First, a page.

All the raw data—so the raw sensor data or the raw camera footage—runs through algorithms. And we get nice outputs with like clearly defined variables. If you're someone who is not as tech savvy, you don't want to get into the raw data. You just want to know: how many times did this athlete accelerate? How many times did they jump? That's all going to be output for you in a nice format — typically a CSV or JSON if you're going to use API piping. And then you can look at that and it'll give you pretty good idea of what's going on.

The issue there is you don't know how it got to defining that that was a jump. And so you have to weigh which one you want more. Are you going to trust the company, that the output that they're giving you is accurate? Or are you going to hire people to dive into the raw data and define it yourselves?

You have these systems now that can automatically identify players, track players, track their movements, and I imagine that's work that you, or people like you, would have had to do in the past manually. Now that you don't have to do that kind of work, what does that free sports scientists up to do more of instead? 

So before, that really wouldn't have been a sports scientist's job. I'm trying to think who—I suppose maybe an intern?—would have watched film and tracked something. I remember back when, I guess even still now somewhat, if you wanted to know how many jumps somebody got, like a volleyball player, somebody—usually the grad student or the intern—sat and watched film and hand counted. You know, this athlete jumped this many times. And now what are they doing? They are figuring out how to pipe all that data into one database and make it easily queryable for somebody to analyze.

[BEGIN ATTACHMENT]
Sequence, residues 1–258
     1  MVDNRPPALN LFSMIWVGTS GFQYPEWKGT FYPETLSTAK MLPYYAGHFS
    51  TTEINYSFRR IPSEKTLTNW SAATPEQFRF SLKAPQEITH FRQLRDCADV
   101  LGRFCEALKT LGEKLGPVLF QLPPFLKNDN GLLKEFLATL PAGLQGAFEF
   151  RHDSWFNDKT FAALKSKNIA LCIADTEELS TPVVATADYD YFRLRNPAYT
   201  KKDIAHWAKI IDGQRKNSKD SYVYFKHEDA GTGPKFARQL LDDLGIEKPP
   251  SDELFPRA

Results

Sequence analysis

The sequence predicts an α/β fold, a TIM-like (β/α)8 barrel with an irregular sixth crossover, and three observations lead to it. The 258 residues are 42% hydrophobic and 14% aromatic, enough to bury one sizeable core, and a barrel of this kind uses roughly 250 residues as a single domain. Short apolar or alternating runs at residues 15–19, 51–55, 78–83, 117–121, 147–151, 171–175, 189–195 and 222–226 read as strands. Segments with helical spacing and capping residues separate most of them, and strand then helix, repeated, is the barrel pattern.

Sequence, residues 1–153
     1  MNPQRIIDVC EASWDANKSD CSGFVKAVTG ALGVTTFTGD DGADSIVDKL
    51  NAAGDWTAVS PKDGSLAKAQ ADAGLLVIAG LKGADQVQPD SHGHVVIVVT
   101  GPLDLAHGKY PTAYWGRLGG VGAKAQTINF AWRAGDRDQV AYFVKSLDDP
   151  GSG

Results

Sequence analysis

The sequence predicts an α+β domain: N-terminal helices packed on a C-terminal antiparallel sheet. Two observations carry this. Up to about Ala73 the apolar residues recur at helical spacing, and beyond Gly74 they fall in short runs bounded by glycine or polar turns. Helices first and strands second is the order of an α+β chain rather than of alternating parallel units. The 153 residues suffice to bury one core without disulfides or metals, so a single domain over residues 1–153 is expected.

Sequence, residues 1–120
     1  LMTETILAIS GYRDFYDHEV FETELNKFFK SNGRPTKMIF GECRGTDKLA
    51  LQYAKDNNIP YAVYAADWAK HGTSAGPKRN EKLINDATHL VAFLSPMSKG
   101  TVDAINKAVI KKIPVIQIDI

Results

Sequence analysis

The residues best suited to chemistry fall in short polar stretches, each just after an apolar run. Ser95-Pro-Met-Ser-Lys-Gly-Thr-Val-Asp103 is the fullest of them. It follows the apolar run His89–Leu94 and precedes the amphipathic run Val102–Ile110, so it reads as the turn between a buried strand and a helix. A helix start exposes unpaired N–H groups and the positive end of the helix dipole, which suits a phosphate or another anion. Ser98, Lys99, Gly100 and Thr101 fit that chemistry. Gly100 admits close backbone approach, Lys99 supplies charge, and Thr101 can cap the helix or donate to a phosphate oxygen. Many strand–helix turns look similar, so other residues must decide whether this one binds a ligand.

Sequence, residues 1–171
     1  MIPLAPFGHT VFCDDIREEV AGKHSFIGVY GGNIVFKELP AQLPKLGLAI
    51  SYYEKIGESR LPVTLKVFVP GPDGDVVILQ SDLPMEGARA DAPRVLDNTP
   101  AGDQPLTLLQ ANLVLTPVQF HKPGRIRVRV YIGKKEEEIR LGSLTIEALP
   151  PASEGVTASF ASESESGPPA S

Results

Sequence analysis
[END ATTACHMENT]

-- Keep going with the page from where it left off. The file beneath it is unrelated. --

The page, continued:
I feel like I've lived that. I feel like I'm talking about an evolution that I’ve lived. I never had a research project where I had to count jumps, but in that space, when I was getting my master’s, we were working with MRI data and muscle segmentation. Athletes would go get these MRIs to look at muscle volume, and we would have to go slice-by-slice through the MRI and trace each muscle in the leg. You might think they're axial slices, so you're going all the way up, and you're just like outlining the hamstring muscles, dot-by-dot. And I did this for hours and hours and hours for my master’s thesis. And now that technology is a company, and AI does it. They get the scans and it runs through and all the muscles are segmented. 

And that's actually part of the reason why I ask. Because when you hear about the benefits of AI, you often hear about, you know, we have tools now that can make some of the rote work, the admin work, the repetitive work—we can automate that stuff. And we can take that away and leave you time to do more of, I don't know, another thing that you find more valuable or important in your job. And I'm wondering if there are examples of that you've seen so far for your field. 

The easiest things to automate are analysis. The machine learning is fairly easy to automate for the most part. And that's everyone's favorite thing to do. When I talk to students and what they want to do, they want to do machine learning analysis. And I'm like, "That is automated now. We don't do that anymore"—unless you're going to create some kind of like novel approach. So we can put the data in now and we have AI methods—or machine learning methods, really—that can run through every different scenario for you and give you the most optimal output for whatever your outcome is. And then we can also go back and look at those and understand—like, we might not have wanted it to hyper-tune specifically how it did, but we can pick out the model that we want based on our other assumptions. But instead of someone having to hand code all these parameters, a lot of that is just packages now in Python and R. And then there's companies that also have that.